The new community Covid case identified as South African Variant
Wellington, January 25, 2021
The Ministry of Health is confident that the Northland Covid-19 community case came directly from Pullman Hotel in Auckland and that there is no missing link.
Director-General of Health Dr Ashley Bloomfield confirmed at a press conference today that the strain of Covid-19 in the case is from the new South African Variant.
Covid-19 Response Minister Chris Hipkins said that a decision was made to delay the release of 46 people from Pullman Hotel. They will be tested again before being released.
Mr Hipkins said that those released since the 56-year-old woman left the Hotel, which is one of the Managed Isolation Quarantine facility, were being contacted
Dr Bloomfield said that there were six new cases of Covid-19 in managed isolation today and that 15 people were being treated as close contacts of the new case.
Hundreds stay at home
It was revealed yesterday that the woman tested positive for the virus after travelling widely in the region.
The Northland Chamber of Commerce predicted hundreds of staff would not come into work today after the woman visited about 30 locations across lower Northland and north Auckland.
Earlier this morning, Mr Hipkins said that the results for the woman’s husband and hairdresser have come back negative.
Infectious Disease Expert Michael Baker said that it is unlikely the woman caught the virus while she was in Europe.
The following is from an earlier RNZ Report:
Two of the closest contacts of a woman who tested positive for Covid-19 in Northland after leaving managed isolation have tested negative.
The 56-year-old woman travelled around parts of Northland and visited 30 businesses over nine days while unknowingly having coronavirus.
Test Results awaited
Mr Hipkins told Morning Report that the results for the woman’s husband and hairdresser have since come back negative.
“So, that is some good news to start the day. Her husband would without doubt be her closest contact – that coming back negative is a good sign and so, we will know more as the day unfolds as to what the overall risk of this case is,” he said.
He said that the woman had six close contacts in total and that they are all isolating while awaiting test results. Other casual contacts who have been in the same place at the same time are regarded as “casual plus” contacts, who are being asked to isolate after taking tests.
Mr Hipkins said that it could be up to 48 hours before there is enough information to make any calls on changing alert levels.
He is hopeful genome sequencing will be completed today to determine the source of the case.
He praised the woman for using the Covid Tracer App and restricting her movements and close contacts since leaving managed isolation.
Delay in release of information explained
He defended the time it took to release the names of all the businesses involved.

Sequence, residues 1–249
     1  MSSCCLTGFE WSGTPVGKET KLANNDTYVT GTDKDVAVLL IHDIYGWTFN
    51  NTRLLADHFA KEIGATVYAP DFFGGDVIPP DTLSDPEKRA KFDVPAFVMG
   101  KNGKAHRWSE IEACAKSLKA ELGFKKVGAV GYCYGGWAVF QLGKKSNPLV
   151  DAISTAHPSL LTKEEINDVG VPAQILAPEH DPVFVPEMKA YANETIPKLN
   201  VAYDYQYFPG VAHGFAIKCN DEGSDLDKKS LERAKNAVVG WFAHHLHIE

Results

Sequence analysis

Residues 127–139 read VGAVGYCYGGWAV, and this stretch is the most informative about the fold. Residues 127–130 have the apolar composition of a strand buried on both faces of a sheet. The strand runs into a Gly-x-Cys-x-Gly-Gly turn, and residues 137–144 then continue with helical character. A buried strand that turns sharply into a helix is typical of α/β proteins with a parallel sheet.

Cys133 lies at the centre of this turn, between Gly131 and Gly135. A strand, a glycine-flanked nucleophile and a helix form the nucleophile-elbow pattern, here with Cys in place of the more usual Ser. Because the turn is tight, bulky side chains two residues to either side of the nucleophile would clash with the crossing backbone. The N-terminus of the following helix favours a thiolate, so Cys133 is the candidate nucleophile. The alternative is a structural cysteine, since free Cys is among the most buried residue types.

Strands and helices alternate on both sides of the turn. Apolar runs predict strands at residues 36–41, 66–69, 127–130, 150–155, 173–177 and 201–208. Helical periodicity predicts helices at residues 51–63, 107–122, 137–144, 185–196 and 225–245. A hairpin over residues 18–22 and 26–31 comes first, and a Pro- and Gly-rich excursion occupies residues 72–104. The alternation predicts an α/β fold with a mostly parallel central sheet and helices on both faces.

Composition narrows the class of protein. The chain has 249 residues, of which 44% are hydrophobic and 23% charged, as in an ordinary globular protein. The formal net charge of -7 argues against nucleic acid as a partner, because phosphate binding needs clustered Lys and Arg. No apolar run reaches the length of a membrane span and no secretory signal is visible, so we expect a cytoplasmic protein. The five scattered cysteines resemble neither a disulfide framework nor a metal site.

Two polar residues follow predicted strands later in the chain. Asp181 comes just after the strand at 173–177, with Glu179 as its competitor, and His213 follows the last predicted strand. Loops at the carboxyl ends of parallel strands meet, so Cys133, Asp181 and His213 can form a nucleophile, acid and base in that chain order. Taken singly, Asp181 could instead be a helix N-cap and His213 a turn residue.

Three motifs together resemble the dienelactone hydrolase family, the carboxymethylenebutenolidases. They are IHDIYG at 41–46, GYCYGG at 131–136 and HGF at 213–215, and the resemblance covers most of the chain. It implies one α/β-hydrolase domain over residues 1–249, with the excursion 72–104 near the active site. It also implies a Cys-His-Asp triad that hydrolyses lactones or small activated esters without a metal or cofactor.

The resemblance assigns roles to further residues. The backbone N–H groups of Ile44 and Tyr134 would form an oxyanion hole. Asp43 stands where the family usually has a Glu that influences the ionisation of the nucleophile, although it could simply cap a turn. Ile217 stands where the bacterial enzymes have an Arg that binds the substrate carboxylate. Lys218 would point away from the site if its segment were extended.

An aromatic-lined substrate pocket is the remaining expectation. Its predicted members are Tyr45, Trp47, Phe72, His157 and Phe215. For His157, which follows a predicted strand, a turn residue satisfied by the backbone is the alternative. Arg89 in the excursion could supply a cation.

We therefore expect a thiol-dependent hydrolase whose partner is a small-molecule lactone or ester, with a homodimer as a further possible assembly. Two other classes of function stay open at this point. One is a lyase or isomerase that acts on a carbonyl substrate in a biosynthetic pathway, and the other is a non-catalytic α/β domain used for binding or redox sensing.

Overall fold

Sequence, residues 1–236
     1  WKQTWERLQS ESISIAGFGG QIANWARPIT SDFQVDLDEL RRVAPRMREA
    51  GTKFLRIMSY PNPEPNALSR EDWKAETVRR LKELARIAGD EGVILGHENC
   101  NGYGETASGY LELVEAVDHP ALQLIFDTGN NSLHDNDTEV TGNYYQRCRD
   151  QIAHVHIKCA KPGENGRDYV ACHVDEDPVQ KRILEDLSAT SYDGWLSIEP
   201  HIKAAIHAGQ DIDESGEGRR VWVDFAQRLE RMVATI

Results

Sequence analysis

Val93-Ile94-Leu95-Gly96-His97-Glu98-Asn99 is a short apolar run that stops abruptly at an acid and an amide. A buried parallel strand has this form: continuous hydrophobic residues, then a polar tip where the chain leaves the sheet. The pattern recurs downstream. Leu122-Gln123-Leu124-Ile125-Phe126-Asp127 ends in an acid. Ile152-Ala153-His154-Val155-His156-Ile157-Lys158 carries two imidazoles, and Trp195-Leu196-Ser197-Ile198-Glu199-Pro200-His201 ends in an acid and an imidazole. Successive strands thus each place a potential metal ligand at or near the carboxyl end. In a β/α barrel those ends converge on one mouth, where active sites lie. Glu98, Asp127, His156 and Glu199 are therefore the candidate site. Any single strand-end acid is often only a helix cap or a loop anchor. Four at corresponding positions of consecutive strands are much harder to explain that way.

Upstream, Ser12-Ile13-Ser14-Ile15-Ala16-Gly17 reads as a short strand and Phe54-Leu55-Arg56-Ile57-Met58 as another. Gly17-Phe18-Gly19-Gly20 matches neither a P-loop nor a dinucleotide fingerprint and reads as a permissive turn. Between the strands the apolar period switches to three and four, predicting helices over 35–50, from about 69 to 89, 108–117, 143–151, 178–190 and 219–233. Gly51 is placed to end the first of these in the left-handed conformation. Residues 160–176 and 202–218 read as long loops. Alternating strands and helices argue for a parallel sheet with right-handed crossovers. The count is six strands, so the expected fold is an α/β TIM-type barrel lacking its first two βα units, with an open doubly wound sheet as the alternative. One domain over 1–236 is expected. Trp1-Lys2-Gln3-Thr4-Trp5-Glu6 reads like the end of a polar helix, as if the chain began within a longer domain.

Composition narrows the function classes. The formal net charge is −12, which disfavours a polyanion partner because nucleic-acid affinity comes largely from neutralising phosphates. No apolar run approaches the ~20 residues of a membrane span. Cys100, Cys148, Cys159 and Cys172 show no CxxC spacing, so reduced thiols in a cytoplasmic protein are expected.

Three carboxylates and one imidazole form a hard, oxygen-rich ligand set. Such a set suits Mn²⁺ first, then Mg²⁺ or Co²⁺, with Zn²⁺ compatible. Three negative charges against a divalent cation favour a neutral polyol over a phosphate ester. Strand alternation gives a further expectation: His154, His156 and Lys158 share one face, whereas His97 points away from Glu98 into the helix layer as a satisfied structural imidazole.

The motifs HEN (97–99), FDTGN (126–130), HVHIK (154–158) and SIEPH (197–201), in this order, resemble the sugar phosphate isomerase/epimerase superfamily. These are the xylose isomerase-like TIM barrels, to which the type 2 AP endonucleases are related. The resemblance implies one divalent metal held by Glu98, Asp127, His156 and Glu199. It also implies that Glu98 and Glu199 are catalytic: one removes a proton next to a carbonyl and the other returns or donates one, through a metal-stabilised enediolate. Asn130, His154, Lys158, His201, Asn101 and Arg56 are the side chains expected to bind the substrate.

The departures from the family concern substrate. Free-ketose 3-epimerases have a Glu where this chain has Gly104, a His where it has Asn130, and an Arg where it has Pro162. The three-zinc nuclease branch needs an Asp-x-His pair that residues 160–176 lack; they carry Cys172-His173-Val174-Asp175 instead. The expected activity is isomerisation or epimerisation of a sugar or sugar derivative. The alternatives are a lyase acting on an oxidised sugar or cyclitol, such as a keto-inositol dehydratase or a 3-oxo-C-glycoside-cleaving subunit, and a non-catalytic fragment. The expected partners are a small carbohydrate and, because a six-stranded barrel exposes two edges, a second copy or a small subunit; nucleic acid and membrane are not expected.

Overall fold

It was published at 7.30pm yesterday after the Ministry contacted them all. In the past it had caused alarm when the media had contacted some businesses before they knew they had been visited by a Covid case, Hipkins said.
Longer stays in isolation
He said that before Christmas, the government looked at whether longer quarantine periods and self-quarantine at home might be justified.
“The advice at that time was that would not be justified – now obviously we keep that under review,” he said.
If the source of the virus showed it had a long incubation period, if it had been brought back from abroad, they might need to have another look at changes to MIQ.
If it was a result of cross-contamination within the isolation facility, authorities would look at fixing this.
More than 100,000 people had gone through the system so far, Mr Hipkins said.
“Not one of them has subsequently taken Covid-19 out into the community with them. A longer quarantine period would be an option only if the source of the case proved to be from abroad. There has not been a notable increase … we are not seeing a big surge in the number of cases coming through,” he said.
There was a legal obligation on the government to allow New Zealanders to return home.
The policy was to try and keep planeloads of people together in managed isolation because transmission within planes has been a problem.
“If you were isolating out the people who came from the US, the UK or South Africa and then separated them out from others you might potentially increase the risk. The safest thing to do is to keep each planeload together because we know that is one of sources of infection is the plane journey itself,” Mr Hipkins said.
Appeal to doctors
The College of General Practitioners has sent a message to its 5500 members this morning telling them to ramp up Covid-19 testing, in response to the new case of community spread.
The college said that GPs were crucial to helping keep the disease from taking hold in New Zealand.
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